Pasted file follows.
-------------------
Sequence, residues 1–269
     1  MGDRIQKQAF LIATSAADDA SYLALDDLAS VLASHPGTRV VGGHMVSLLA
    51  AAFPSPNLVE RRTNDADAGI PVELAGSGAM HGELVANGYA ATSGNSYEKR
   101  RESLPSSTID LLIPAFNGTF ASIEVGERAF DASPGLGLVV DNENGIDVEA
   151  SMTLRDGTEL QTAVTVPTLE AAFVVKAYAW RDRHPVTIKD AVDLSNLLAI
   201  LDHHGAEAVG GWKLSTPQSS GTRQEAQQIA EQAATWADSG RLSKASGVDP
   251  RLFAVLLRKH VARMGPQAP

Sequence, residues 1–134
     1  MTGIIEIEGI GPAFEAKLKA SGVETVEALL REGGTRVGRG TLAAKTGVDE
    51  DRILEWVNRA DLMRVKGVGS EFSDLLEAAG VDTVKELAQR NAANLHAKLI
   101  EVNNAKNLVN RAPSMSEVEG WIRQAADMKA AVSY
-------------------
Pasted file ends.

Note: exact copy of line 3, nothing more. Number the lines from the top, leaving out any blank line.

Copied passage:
    51  AAFPSPNLVE RRTNDADAGI PVELAGSGAM HGELVANGYA ATSGNSYEKR